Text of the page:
When to use reinterpret_cast<> vs. static_cast<>

The boost developers mailing list recently discussed the differences between reinterpret_cast<> and static_cast<> C++ casting operators.

Windows XP Netbook Backup Options

After a recent problem with my master boot record on my netbook, I decided it was time to make sure I had a backup and recovery option.

Booting the Windows Recovery Console From a USB Drive

This process only worked with Windows XP at the time this article was written. Use these instructions at your own risk.

Mini Roundup of Inexpensive Bible Software

My Acer Aspire One is quickly becoming the only “book” that I carry. To be a complete replacement for books that I like to have around, it was necessary to find some Bible software for it, so here’s a quick wrap up of what I found. I had a few requirements:

How Do You Know If You Have a Hash Collision?

Suppose the following situation: You have two devices, one collecting data and one inserting that data into a database. The two devices are separated over a network connection with individual data messages kept short. Each unit of data that is collected must necessarily have a unique key to bind its pieces together. While it would be possible for the data collector to query the data inserter for a unique key, is it worth the additional complexity? The collector would have to request the key and wait for a time out. If the key is received it is good to go, if not then a retry must occur. The situation is also complicated from the standpoint of the database inserter because it needs to have some way to generate unique keys and deal with keys whose data is never populated. A less complex, and perhaps better, way is for the data collector to have a method of autogenerating its own unique key in a reproduceable way. A one-way hashing algorithm which is a hash of some unique piece of data would work nicely for this. We end up with a series of messages: ` `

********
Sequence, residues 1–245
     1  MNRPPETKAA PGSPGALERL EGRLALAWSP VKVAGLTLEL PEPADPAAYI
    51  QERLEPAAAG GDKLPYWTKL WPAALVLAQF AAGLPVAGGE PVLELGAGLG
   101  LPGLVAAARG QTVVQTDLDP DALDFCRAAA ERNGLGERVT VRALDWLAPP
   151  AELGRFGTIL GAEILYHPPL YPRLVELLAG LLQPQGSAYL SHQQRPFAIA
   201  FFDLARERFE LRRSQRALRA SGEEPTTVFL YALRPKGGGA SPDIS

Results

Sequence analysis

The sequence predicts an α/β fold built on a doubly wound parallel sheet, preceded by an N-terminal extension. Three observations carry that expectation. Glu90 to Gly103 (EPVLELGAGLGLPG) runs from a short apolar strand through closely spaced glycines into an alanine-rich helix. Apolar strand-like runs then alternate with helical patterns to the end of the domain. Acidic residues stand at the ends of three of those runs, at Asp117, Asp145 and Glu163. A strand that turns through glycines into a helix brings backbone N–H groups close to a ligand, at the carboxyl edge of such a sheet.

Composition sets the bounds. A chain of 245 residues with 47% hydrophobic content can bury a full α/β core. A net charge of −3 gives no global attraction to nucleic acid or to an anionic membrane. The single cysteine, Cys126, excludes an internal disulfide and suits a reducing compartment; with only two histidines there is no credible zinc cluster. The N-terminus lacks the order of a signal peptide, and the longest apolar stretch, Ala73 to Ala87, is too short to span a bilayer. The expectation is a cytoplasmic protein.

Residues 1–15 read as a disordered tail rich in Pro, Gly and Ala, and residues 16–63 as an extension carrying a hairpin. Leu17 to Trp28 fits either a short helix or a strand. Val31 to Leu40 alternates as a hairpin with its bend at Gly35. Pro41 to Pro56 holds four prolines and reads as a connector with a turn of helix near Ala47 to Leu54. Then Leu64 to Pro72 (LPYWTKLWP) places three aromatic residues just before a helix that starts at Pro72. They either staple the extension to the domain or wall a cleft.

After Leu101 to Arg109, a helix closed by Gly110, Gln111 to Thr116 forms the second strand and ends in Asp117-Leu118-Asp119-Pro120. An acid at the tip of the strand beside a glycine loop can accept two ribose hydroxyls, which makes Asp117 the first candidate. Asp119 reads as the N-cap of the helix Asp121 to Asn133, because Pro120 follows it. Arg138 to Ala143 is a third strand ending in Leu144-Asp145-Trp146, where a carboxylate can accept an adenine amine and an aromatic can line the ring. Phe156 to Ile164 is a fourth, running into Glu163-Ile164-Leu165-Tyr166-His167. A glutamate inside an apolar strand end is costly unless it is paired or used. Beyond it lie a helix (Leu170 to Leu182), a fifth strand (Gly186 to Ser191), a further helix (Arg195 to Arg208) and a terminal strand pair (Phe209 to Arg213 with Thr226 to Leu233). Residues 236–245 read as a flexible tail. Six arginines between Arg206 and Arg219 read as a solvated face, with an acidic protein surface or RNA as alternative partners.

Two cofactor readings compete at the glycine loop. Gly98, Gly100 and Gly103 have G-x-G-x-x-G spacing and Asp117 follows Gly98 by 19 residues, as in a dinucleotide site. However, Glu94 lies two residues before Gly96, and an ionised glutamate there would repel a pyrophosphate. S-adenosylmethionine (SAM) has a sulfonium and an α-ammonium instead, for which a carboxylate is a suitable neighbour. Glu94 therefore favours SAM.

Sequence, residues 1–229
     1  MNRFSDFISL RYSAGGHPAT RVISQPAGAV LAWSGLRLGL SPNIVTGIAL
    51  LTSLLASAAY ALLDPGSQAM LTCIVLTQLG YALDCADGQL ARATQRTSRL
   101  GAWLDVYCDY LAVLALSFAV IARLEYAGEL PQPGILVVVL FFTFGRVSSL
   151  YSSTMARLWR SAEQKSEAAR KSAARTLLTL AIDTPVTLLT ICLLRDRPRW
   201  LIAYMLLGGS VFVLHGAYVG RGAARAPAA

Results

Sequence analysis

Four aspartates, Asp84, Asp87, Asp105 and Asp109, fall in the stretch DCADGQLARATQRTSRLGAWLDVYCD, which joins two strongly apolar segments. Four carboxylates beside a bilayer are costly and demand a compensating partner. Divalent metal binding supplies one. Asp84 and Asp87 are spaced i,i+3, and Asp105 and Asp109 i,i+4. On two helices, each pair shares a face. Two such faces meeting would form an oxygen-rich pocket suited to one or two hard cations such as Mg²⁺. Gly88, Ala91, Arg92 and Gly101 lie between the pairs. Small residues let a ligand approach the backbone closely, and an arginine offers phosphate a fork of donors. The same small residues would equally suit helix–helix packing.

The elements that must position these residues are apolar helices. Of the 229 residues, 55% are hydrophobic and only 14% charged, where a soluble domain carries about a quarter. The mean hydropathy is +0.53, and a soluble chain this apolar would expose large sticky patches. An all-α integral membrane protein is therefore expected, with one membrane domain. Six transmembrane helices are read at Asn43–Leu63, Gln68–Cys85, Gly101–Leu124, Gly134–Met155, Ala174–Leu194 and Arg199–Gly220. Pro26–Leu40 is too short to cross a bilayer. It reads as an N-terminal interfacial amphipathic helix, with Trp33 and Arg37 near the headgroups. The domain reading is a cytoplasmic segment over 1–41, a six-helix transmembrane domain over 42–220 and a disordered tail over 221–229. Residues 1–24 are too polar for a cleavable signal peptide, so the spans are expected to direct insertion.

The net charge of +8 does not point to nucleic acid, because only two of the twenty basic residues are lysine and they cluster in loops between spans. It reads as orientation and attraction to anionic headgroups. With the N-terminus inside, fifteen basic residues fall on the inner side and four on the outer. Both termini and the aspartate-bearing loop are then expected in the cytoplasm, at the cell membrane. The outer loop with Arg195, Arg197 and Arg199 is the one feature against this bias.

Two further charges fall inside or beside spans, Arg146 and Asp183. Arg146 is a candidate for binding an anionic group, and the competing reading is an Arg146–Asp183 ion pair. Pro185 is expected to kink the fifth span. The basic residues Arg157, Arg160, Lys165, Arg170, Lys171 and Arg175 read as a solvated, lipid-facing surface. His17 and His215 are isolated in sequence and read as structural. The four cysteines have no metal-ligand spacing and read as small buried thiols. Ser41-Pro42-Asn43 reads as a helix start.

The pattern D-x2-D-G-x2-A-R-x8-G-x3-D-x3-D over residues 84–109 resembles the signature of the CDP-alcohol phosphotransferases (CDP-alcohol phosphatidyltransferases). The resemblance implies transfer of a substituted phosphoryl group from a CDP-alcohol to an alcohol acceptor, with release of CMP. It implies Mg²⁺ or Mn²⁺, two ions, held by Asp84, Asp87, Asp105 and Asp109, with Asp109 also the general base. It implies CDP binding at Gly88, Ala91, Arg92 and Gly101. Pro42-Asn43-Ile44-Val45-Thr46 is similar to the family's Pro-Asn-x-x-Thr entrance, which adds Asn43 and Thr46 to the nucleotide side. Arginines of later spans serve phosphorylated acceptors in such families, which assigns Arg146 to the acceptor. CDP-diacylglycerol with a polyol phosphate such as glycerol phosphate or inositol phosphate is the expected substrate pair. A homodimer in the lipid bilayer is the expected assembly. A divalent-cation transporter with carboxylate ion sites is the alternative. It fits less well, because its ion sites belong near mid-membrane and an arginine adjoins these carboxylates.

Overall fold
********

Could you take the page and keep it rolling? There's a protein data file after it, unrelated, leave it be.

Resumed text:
When to use #include "" verses #include <>

Different compilers treat the two types of includes:

Soundex Algorithm

Last week I noticed that the MySQL “sounds like” operator uses the soundex algorithm to determine if two words sound alike. The algorithm is English centric and was designed around the time of the time of the 1880 census. It has been used in the US census since 1880 to account for miss or different spellings of family names.

Celeste - Cloud Detection for Hugin

I recently came across the new Celeste code for the Hugin panorama software.

Create a WMI Application - Refined

I recently had the need to be able to query the WMI via WQL (which are very fascinating and helpful technologies, actually) from C++. WQL essentially provides an SQL interface for querying system properties of a running computer.

Creating Bad Code That's Still Great

There are plenty of opinions out there about how to write great code ranging from styles and techniques to code formatting and programming languages. Inevitably when discussing great code someone will say, “But what if you need code right now, and you are willing to sacrifice quality in order to get work done faster?”